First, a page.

German Colonial Officers 1914

Discussions on all aspects of the German Colonies and Overseas Expeditions. Hosted by Chris Dale.
Gwynn Compton
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Post by Gwynn Compton » 03 Nov 2005 10:22

I'm surprised we don't have any German Samoan officials pictured here so far such as Dr. Wilhelm Heinrich Solf.

Given google is down at the moment, does anyone have any photos of him or other German Samoa officials?

Gwynn

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Reichskolonialamt
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Post by Reichskolonialamt » 03 Nov 2005 11:33

Dr. Solf? No problem.

If you are searching famous officials or officers, you will be succesfull here:
http://www.stub.bildarchiv-dkg.uni-frankfurt.de
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Chris Dale
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Post by Chris Dale » 03 Nov 2005 12:53

Hi Peter,
I had heard that Detzner had exagerrated his story, but made it up entirely? I guess it's possible. That's one of the great things about history, just when you think you're getting to the bottom of a mystery and even bigger one turns up.
Surely if he had surrendered early on the Australians would have a record of him? And surely he would have been kept with the other prisoners from New Guinea, and they would have given the lie when his book came out? Very odd.
Just because the Australian official records don't mention him doesn't mean he didn't exist out there in the jungle. They probably weren't aware of him. I don't think he ran a guerilla campaign like Lettow-Vorbeck, he just wandered round evading capture (and possibly detection), and if he surrendered after the war, that's why there be no record of him in the war. As we can't prove a negative, we may never find the truth behind this one.
The battle of Tanga isn't mentioned in the British Times official history of the war....doesn't mean it didn't happen!
Cheers
Chris

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Scarlett
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Post by Scarlett » 03 Nov 2005 17:00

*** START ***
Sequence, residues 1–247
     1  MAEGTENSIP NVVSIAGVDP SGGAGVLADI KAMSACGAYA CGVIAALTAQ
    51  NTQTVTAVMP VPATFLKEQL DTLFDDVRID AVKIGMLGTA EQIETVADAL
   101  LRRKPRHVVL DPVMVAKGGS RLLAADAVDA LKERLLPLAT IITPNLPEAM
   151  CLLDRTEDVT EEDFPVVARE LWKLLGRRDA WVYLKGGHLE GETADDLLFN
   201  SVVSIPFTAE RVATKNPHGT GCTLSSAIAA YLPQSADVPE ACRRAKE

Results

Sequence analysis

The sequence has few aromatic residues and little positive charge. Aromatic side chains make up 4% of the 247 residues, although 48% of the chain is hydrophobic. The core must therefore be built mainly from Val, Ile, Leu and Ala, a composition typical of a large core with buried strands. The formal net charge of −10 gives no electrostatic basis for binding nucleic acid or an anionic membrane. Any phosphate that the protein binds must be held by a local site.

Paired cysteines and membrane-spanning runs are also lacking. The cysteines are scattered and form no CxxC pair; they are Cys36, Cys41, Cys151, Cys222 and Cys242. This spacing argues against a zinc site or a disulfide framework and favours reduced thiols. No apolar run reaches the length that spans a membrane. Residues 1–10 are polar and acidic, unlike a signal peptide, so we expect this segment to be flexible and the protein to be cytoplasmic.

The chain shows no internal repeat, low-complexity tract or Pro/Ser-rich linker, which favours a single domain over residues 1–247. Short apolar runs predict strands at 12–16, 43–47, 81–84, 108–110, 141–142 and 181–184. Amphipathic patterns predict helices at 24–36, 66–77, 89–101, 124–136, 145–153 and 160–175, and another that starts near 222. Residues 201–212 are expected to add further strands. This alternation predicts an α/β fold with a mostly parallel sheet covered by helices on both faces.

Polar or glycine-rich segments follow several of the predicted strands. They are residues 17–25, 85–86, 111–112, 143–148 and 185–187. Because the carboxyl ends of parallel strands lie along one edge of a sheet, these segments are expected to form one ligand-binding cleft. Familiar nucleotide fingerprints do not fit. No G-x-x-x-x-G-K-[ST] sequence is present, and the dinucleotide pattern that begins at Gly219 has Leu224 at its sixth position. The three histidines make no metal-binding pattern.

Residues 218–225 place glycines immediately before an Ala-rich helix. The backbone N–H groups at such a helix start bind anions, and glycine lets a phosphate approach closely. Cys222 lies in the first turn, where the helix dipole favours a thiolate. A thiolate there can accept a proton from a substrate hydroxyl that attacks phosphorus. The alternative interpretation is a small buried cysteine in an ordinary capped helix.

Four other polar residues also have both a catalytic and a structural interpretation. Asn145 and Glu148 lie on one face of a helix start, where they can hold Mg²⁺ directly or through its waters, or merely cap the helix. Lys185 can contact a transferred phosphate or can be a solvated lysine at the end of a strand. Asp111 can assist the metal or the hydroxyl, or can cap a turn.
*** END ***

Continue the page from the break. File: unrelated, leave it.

Peter,

the best contemporary German source about all aspects of the German possessions iin
the South Sea is:

Hermann Josef Hiery
Die Deutsche Südsee 1884-1914

Ferdinand Schönigh Verlag
Paderborn, München Wien Zürich
2001
880 pg.

On pages 815 and 816 Hiery reports about this episode.
He confirms, that Detzner staid in the bush during all the war, but he was dependent on a continuous
support by the missionaries.

The Neuendettelsauer missionaries were very active in this area during all the war, they made
expeditions and erected new stations in the area, not along the coast, but far in the
hinterland.
Cut off from their German sources they were supported by the Immanuel Synod-affiliates in Australia
and the Iowa Synod in the US.
It was only after the Versailles-treaty, that the Australians wanted to close them down. The head of the Iowa-Synod,
Präses Richter and the Australian Pastor Theile, who had coordinated the support for the missions during the war
from Brisbane, could finally, with the help of the great Australian churches, convince the Australian
government, to leave them working. But they had to be transferred to the Lutheran Church of Australia.
From May 4, 1921 they became 'Lutheran Mission New Guinea'.
Now the missionaries, some of whom had worked in New Guinea for more than 20 years without a holiday,
could for the first time since 1914 go for a rest to Australia, convinced, that they could return to
their work in New Guinea.

About Detzner Hiery writes, that his gross exaggerations - he for instance claimed to have crossed New Guinea -
had led to a general assessment of his tales as unreliable and untrustworthy. Hiery holds that the realistic
background of his story is up to now not sufficiently recognized.

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Peter H
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Post by Peter H » 04 Nov 2005 06:50

The Australian Official History, Volume X - The Australians at Rabaul can be found online here:

http://www.awm.gov.au/histories/chapter.asp?volume=11

Interesting that Holmes allowed parole for all Germans except for regular military officers and regular seamen..

All German reservists,Landwehr etc were allowed to return to their plantations,work.

German Civil servants and Police officers were not classified as Pows but were interned in Australia as "enemy aliens".Their role as adminstrators were taken over by Australians.

The 130 Germans or so captured/interned in Australia (resulting from the South Seas campaigns) are not listed individually but I'm chasing up a list.

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Reichskolonialamt
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Hauptmann Hermann Detzner

Post by Reichskolonialamt » 04 Nov 2005 13:32

Detzner seems to have been a kind of measurement-specialist in the army.

In 1912 there were 2 "measurement-expedtions" in Cameroon to locate the new borders after the Marocco-Treaty. Detzner(at this time Oberleutnant) was member of the German-British "Vermarkungsexpedition Jola-Crossfluss" Oct.1912 - April.1913.

In NG, Detzner was member of another "measerement-expedition" - this time to find the borders in the south of Kaiser-Wilhelms-Land to British-NG. During this, the first world war startet...
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Scarlett